The law also deals with the admissibility of the evidence and states: “All material collected during the course of inquiry or investigation, including electronic devices, data, information, documents, or such other related material, which facilitates the commission of any offence under this act, shall be admissible.”

Daily Pakistan Global Web Desk


PKR exchange rate to US Dollar, Euro, Pound, Dirham, and Riyal - 22 April 2024

Pakistani currency remains largely same against US Dollar and other currencies on April 22, 2024 Monday.

USD to PKR rate today

US dollar was being quoted at 277.5 for buying and 280.5 for selling.

Euro stands at 293 for buying and 296 for selling while British Pound hovers at 342.25 for buying, and 345.65 for selling.

UAE Dirham AED was at 75.20 and Saudi Riyal's new rate was at 73.30.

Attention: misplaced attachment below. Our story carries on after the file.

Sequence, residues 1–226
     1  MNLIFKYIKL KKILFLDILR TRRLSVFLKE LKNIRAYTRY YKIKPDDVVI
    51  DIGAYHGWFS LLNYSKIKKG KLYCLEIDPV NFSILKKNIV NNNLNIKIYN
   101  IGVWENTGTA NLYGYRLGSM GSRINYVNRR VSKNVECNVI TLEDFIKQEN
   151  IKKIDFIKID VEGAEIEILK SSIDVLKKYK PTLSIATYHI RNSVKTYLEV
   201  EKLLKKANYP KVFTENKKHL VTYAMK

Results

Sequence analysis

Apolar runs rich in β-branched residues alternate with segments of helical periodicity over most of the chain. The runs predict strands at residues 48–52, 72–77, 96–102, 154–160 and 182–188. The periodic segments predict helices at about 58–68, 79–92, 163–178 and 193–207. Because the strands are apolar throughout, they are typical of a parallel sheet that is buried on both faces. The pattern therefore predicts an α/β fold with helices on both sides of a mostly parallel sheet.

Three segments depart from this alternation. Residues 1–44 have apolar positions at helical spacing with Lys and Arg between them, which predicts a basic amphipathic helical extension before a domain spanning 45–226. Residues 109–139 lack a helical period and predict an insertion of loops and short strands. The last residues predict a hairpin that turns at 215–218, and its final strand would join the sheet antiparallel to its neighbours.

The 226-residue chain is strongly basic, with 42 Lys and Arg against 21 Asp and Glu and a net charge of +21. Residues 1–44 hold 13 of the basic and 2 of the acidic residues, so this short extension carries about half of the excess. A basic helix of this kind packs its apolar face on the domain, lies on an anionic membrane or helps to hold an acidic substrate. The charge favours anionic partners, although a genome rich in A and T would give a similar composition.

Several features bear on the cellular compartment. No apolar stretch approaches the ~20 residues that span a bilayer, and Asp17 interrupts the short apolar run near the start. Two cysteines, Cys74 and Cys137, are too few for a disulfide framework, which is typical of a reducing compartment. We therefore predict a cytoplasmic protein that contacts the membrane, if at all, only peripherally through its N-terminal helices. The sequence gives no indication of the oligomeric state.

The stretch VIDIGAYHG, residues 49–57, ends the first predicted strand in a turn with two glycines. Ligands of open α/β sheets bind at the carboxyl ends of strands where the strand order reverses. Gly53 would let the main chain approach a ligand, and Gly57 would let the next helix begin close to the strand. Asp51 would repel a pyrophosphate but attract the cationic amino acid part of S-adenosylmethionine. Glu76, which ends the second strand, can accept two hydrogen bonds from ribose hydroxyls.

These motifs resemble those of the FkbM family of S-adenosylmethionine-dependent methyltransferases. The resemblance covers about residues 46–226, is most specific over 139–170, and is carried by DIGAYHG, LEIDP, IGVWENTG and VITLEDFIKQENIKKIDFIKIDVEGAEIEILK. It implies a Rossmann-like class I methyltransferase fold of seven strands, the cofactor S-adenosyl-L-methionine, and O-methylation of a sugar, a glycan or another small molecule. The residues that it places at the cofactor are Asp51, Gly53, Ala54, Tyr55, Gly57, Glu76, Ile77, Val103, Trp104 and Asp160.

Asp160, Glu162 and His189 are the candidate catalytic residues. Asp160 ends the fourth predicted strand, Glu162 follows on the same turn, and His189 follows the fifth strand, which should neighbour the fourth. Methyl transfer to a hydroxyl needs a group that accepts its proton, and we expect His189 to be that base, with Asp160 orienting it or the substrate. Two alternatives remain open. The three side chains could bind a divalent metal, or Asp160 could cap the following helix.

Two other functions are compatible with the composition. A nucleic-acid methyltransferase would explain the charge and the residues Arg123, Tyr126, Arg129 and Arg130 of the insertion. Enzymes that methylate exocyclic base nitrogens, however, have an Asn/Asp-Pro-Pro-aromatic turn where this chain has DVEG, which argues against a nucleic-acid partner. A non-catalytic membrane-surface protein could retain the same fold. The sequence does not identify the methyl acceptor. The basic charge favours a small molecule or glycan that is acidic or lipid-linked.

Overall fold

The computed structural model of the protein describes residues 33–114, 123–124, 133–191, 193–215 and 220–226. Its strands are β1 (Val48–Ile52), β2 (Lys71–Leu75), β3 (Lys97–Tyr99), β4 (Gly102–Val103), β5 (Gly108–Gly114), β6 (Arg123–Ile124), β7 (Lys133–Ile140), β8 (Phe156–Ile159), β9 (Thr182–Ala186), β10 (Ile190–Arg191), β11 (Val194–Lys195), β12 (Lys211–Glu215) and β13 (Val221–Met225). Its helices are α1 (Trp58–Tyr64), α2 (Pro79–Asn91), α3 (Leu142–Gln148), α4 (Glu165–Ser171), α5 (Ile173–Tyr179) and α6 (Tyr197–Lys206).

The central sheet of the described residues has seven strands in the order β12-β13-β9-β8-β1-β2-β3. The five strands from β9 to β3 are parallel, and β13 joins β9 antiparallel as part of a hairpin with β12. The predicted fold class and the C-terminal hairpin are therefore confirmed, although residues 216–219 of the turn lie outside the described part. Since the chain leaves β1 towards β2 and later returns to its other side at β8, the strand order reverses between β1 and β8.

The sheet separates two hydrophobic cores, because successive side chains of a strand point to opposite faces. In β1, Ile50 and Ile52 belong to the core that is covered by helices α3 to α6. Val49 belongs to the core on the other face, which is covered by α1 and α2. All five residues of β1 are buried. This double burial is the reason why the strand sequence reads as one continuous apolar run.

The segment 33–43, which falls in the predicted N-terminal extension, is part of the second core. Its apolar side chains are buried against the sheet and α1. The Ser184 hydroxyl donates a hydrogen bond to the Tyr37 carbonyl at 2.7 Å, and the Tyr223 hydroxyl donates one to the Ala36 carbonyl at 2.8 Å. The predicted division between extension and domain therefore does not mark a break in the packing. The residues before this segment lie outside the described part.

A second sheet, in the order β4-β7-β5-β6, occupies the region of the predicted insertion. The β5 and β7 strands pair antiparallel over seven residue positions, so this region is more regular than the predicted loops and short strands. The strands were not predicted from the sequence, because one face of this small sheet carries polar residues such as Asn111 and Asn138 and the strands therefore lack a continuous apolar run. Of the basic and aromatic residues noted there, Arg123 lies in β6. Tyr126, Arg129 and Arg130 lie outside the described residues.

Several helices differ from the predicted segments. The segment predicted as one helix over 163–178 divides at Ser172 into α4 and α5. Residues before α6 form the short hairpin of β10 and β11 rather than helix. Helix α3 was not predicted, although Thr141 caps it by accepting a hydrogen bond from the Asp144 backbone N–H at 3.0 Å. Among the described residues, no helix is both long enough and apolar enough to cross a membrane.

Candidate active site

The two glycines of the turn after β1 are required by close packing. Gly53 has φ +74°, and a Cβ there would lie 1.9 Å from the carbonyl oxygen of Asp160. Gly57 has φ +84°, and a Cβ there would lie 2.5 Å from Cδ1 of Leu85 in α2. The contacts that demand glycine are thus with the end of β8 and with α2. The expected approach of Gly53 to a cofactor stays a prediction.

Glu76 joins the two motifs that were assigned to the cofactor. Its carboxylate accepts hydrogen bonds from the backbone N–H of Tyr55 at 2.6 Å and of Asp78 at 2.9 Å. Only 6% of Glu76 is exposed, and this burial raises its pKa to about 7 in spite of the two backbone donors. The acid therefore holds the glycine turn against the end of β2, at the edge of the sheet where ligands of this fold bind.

Today’s currency exchange rates in Pakistan - 22 April 2024

Currency Symbol Buying Selling
US Dollar USD 277.5 280.5
Euro EUR 293 296
UK Pound Sterling GBP 342.5 346
U.A.E Dirham AED 75.2 75.9
Saudi Riyal SAR 73.3 74.05
Australian Dollar AUD 181 182.8
Bahrain Dinar BHD 740.55 748.55
Canadian Dollar CAD 201 203
China Yuan CNY 38.47 38.87
Danish Krone DKK 39.78 40.18
Hong Kong Dollar HKD 35.53 35.88
Indian Rupee INR 3.33 3.44
Japanese Yen JPY 1.86 1.94
Kuwaiti Dinar KWD 903.11 912.11
Malaysian Ringgit MYR 58.08 58.68
New Zealand Dollar NZD 164.22 166.22
Norwegians Krone NOK 25.61 25.91
Omani Riyal OMR 723.2 731.2
Qatari Riyal QAR 76.45 77.15
Singapore Dollar SGD 204.5 206.5
Swedish Korona SEK 25.31 25.61
Swiss Franc CHF 305.47 307.97
Thai Bhat THB 7.56 7.71